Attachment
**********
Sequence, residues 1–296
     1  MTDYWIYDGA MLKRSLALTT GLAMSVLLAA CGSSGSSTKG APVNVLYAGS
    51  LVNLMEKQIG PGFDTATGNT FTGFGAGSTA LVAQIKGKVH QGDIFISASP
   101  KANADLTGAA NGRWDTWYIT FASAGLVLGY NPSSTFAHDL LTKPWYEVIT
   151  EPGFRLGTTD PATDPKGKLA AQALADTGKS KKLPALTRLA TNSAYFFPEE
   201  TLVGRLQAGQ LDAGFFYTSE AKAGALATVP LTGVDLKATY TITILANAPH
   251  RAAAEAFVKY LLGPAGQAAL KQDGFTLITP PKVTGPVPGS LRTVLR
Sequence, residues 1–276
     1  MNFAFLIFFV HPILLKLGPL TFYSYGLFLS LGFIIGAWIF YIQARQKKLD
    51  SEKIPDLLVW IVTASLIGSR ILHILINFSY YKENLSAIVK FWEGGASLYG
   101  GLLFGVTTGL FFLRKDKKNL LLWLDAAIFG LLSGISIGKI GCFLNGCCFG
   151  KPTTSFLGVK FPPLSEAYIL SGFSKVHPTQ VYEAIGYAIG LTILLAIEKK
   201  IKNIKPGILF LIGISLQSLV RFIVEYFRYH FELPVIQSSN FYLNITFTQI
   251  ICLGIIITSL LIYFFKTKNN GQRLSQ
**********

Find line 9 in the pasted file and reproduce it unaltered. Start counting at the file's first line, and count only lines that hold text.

     1  MNFAFLIFFV HPILLKLGPL TFYSYGLFLS LGFIIGAWIF YIQARQKKLD